King was clearly against against attacks on Zionists and the state of Israel. During an appearance at Harvard University shortly before his death, King was asked to address himself to the issue of “Zionism.” The question was clearly hostile. King responded:
ElderofZiyon Clarence B. Jones, a friend and advisor to King, recalled King’s opposition to anti-Zionism. “I can say with absolute certainty that Martin abhorred anti-Semitism in all its forms, including anti-Zionism,” he explained in a 2008 Op-Ed.
Jones elaborated on that point in What Would Martin Say?, a book he co-authored with Joel Engel. Mainstream reporters, he argues, have given a pass to anti-Semitism by black leaders like Al Sharpton because they buy the rationale that Israel’s existence is a provocation to Arabs. “Martin, for one, could see this coming after the Six-Day War in 1967, which is why he warned repeatedly that anti-Semitism would soon be disguised as anti-Zionism.”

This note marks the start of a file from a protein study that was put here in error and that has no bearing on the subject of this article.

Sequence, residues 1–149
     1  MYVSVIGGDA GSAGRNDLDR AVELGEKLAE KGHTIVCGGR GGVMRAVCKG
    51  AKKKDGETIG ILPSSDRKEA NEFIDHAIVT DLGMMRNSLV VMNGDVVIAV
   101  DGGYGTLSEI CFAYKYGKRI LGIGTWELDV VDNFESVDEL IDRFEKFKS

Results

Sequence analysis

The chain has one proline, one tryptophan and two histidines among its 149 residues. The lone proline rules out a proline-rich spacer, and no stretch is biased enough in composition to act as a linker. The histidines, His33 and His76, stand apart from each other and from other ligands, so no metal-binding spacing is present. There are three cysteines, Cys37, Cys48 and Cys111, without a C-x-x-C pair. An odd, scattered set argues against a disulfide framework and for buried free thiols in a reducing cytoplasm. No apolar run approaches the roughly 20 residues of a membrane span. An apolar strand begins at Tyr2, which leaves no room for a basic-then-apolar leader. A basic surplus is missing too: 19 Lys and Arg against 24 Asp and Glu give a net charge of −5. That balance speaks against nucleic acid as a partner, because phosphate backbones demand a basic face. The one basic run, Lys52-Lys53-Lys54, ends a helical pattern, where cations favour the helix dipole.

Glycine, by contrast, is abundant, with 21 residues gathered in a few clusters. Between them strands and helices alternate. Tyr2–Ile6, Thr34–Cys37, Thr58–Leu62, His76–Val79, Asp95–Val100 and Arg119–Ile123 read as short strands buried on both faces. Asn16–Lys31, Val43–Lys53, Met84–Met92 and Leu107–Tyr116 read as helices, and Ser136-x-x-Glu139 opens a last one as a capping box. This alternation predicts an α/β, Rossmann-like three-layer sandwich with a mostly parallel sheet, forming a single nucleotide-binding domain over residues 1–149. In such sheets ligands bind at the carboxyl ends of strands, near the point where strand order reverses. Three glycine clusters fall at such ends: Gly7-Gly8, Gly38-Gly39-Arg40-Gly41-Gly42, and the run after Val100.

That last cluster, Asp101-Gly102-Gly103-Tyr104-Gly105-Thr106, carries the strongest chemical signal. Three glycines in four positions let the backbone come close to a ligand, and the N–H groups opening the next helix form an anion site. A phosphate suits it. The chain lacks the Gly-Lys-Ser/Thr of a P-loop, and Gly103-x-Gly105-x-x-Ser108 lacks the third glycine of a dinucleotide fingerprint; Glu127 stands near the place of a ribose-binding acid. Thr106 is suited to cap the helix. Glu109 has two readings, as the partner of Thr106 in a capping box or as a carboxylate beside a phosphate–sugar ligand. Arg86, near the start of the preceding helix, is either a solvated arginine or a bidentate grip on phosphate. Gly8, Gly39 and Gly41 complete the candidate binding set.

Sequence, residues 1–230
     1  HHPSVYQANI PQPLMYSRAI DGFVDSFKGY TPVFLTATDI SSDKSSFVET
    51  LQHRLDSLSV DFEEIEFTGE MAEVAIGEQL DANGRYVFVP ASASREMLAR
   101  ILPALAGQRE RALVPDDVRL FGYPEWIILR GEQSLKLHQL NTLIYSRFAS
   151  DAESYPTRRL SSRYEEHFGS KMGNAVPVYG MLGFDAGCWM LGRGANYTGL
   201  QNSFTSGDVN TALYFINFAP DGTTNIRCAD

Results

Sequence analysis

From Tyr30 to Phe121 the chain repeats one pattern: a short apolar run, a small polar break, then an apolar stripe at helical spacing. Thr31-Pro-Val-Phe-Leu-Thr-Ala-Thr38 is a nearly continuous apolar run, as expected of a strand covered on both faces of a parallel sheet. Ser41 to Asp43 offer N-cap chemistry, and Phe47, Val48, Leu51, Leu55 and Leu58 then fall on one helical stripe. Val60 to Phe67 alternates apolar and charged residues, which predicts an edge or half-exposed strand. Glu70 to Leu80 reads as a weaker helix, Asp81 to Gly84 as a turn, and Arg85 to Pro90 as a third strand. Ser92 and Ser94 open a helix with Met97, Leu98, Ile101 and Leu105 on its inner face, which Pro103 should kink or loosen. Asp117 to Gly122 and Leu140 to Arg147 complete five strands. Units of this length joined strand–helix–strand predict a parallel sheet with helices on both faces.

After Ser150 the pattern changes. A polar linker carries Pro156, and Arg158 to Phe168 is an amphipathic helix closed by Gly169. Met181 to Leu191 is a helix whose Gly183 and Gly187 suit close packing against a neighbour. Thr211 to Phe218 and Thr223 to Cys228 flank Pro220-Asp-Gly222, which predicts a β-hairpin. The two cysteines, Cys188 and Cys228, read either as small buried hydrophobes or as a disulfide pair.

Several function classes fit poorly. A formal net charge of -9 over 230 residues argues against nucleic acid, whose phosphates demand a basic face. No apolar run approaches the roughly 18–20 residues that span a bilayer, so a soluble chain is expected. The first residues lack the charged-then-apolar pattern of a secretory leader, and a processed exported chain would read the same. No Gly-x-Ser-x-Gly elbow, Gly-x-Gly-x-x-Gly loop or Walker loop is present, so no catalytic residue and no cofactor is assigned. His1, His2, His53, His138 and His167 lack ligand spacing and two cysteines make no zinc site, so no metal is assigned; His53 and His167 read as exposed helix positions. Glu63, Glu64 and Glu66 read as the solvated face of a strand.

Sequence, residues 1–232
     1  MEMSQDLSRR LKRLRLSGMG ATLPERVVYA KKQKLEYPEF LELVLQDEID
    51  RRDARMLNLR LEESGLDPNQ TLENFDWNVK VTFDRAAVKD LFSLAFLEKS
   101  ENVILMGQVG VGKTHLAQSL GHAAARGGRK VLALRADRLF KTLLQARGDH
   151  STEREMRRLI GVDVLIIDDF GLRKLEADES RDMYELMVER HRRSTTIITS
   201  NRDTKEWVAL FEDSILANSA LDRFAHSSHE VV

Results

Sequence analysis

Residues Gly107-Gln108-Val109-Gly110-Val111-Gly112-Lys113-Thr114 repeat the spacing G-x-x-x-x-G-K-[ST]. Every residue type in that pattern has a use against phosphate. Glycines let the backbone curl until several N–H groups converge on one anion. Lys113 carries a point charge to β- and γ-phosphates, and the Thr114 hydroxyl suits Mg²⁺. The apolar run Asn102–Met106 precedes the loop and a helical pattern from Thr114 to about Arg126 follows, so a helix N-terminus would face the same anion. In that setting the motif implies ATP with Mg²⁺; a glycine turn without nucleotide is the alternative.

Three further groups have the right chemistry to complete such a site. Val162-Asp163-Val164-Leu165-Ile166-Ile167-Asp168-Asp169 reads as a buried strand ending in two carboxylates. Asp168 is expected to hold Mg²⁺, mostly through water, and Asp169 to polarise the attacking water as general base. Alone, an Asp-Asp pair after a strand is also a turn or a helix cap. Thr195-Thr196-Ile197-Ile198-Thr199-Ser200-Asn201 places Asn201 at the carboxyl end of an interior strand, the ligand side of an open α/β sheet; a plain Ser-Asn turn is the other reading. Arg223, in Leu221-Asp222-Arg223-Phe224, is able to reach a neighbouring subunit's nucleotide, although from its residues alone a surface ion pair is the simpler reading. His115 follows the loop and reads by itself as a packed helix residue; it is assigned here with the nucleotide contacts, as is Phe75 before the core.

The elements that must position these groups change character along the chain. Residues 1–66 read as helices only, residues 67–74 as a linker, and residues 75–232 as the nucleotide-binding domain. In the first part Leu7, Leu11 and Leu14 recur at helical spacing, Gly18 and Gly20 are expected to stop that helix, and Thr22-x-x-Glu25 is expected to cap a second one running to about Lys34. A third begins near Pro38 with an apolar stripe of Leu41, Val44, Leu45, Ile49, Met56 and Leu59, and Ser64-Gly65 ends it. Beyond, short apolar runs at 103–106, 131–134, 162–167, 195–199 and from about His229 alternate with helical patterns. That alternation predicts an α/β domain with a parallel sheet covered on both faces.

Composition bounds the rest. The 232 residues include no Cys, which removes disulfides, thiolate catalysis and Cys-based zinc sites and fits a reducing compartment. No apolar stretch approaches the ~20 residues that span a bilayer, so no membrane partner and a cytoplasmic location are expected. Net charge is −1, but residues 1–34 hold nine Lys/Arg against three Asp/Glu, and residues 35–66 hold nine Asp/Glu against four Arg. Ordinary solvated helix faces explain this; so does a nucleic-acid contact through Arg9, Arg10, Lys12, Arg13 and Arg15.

It seems clear that he was unambiguously opposed to the Israel-bashing that counts as pro-Palestinian advocacy today. His strong statement about Israel’s right to exist suggests he recognized the centrality of this issue to the conflict. And judging by his views on anti-Zionism, he would be outraged by the idea that an avowed anti-Zionist like Omar Barghouti, who openly calls for replacing Israel with a state in which Jews would be a minority or cease to exist, pretends King would back the BDS (Boycott, Divestment and Sanctions) movement against Israel.